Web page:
Playing to the Cameras

The infamous match between Ireland and England on 15th February (1995) provided the fascists with a previously unimaginable propaganda coup. The greed of the FAI, added to the incompetence of the policing, combined to make Combat 18 a household name in Ireland and England. Headline news in all the papers, and even the C18 death's head symbol displayed as a backdrop to the BBC news, was publicity that money could not buy.

Aware of the fascist following of the English team, AFA in Ireland set about countering their presence. We stickered the centre of Dublin and the area surrounding the ground. In the days before the match we kept a look out for known fascists among the English fans and for any fascist paraphernalia. On the night of the game we were outside the ground selling the anti-fascist football fanzines Tiocfaidh Ar La and Red Attitude. We were unchallenged all night.

The scenes displayed on TV screens from Lansdowne Road seemed to indicate a full scale riot, when in fact the level of violence was quite tame. Apart from the initial attacks on Irish fans in the immediate vicinity of the English section there were very few clashes between Irish and English fans. The English never attempted to get onto the pitch, even though there was nothing to stop them. They were quite happy with their achievement of disrupting the game and adding to their 'fearsome' reputation. What the TV viewer didn't see was a crowd of Irish supporters, including AFA members, get onto the pitch and attempt to get at the fascists. The police didn't hesitate in batoning the Irish fans in an attempt to clear them off the pitch, while allowing the English fans to continue breaking up seats and attacking people in the stands. In fact the first arrests of the night were Irish fans trying to get at the English. At one stage there were about 100 Irish fans on the pitch trying to get at the English fans.

With no chance of confronting the fascists at the ground AFA went into Dublin city centre to check out the English fans for any obvious fascist presence. Contrary to Charlie 'Fat Bastard' Sargent's interview in the 'News of the World' neither he nor any known fascist 'faces' were openly in the city centre. The police in the city centre stewarded groups of English fans from place to place, ensuring that no one got near them. Apart from a few minor scuffles there was no trouble, a situation no doubt helped by the buses coming from areas surrounding the city reportedly being stopped and any 'likely lads' being removed.

Even given the massive publicity and hype that the fascist received there were moments of amusement for anti-fascists in the following days. Seeing some of the English 'hard men' crying and even begging the judge not to send them back to Mountjoy jail was one. Another was the arrested English fans being put in with the perverts in Mountjoy, only to be attacked in the special section. This puts fascists on an even lower evolutionary scale than child molesters.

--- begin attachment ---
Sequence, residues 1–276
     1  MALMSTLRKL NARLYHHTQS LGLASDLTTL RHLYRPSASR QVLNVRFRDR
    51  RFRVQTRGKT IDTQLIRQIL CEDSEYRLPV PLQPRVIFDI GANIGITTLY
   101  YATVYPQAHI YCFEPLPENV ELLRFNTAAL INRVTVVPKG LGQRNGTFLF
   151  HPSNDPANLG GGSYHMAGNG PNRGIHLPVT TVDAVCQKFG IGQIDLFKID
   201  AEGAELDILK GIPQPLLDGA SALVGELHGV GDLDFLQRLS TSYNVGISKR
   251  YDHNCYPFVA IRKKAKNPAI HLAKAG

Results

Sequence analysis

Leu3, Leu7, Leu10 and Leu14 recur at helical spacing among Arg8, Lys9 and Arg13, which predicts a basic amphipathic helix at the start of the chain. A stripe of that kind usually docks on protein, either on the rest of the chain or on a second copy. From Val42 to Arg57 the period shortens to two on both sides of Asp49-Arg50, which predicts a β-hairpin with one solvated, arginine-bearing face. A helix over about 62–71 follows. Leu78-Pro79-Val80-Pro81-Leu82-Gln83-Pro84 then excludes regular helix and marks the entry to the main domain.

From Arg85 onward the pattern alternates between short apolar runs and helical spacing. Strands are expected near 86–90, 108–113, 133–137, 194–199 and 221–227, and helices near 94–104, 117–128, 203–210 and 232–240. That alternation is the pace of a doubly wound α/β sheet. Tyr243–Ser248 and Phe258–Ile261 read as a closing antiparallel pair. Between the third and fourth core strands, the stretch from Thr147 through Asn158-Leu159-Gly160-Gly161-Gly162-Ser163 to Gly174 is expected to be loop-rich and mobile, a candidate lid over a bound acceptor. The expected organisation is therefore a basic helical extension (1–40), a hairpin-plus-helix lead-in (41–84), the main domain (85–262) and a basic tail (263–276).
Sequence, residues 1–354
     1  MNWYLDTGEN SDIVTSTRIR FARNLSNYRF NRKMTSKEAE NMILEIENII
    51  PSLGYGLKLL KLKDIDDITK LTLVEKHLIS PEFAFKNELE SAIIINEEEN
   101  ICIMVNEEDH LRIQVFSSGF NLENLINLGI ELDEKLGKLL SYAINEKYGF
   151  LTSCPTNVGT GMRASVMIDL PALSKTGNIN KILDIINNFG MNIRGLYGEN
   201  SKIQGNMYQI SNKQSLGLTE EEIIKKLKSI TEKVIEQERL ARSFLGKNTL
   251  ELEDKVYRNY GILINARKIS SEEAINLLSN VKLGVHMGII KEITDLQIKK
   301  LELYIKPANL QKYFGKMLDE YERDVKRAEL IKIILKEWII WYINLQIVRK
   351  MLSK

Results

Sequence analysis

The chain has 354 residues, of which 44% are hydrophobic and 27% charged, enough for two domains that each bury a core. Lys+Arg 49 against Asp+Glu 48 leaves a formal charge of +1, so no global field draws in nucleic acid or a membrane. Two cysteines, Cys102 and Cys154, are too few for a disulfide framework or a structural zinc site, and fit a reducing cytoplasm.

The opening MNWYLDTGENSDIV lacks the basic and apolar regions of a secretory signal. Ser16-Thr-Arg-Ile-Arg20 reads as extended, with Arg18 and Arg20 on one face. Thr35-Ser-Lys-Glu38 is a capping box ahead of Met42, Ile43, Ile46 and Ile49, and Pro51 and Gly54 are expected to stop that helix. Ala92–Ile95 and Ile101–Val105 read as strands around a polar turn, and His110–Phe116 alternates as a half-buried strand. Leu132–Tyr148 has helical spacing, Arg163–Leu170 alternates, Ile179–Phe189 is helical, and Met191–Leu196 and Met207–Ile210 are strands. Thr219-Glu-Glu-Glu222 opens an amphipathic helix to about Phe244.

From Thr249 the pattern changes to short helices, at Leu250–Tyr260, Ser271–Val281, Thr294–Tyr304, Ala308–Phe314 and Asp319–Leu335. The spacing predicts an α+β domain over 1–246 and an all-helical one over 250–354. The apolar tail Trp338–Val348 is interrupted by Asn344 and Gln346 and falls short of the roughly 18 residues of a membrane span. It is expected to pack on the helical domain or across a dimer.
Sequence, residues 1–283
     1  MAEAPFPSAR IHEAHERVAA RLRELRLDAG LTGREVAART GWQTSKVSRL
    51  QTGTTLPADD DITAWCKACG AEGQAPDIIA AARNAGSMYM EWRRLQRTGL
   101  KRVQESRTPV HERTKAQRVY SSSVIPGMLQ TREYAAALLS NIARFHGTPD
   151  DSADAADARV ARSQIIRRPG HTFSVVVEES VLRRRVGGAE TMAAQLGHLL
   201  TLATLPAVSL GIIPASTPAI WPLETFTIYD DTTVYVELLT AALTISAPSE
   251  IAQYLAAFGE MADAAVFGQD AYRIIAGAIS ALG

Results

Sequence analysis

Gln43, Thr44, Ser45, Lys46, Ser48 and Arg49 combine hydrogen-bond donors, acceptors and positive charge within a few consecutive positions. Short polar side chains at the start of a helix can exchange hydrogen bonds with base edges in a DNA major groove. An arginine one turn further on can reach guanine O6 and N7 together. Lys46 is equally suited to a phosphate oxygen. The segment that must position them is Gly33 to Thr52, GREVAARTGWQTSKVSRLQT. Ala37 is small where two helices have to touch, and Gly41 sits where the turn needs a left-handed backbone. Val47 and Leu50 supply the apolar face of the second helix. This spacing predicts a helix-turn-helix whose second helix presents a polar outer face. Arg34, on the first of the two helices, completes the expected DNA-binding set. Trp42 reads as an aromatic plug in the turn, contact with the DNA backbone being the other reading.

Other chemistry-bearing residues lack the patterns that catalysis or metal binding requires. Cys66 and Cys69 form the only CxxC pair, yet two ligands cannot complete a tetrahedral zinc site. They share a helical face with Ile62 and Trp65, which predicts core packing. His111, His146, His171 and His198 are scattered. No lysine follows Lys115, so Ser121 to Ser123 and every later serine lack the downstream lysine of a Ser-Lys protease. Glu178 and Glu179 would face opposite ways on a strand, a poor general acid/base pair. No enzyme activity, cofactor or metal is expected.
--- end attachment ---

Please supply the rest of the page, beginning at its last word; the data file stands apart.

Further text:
Another interesting aspect of the affair was the different strands of the media and the agenda to which they were working. From the mainstream newspapers hyping the whole thing in an effort to sell more papers, to the likes of Gerry Gable claiming the whole thing was a pre-planned attack on the Irish Peace Process. Don't create the hype, Gerry! We had the 'Socialist Worker' Irish paper desperately trying to convince themselves that the fascists involved were 'middle class mobile phone carrying thugs' despised by the rest of the English fans. This was also a point picked up by other 'leftie' groups, a small minority (1% according to 'Socialist Worker' 5/3/95) causing all the trouble, much to the annoyance of the 'genuine' English fans. Obviously none of the groups had anyone at the match itself, if they had they would have seen that the vast majority of English fans in the Upper West Stand were involved in the trouble. Just because people are not in fascist groups doesn't mean they are not fascists. We also had 'Militant' call for 'a serious campaign... launched in Britain to stamp out racism and fascism at football' ('Militant' 5/3/95). Ever heard of AFA, Celtic Fans Against Fascism, Red Attitude.... comrades?

Of all the Irish media coverage of events at Lansdowne Road only two papers commented on AFA's campaign around the match, with 'Trinity News' acknowledging our 'significant presence' at the ground. This lack of attention to the fightback should not surprise us. For the mainstream media admitting that there were Irish fans willing to fight the fascists would damage the much hyped 'best fans in the world' reputation of Irish supporters. For the 'leftie' press admitting that the fascists can be beaten by physical as well as ideological methods would mean having to abandon their talking shops and lollipop protests in favour of action. No chance, Comrade!

Fighting Talk Issue 11
May 1995 Back to FOOTBALL

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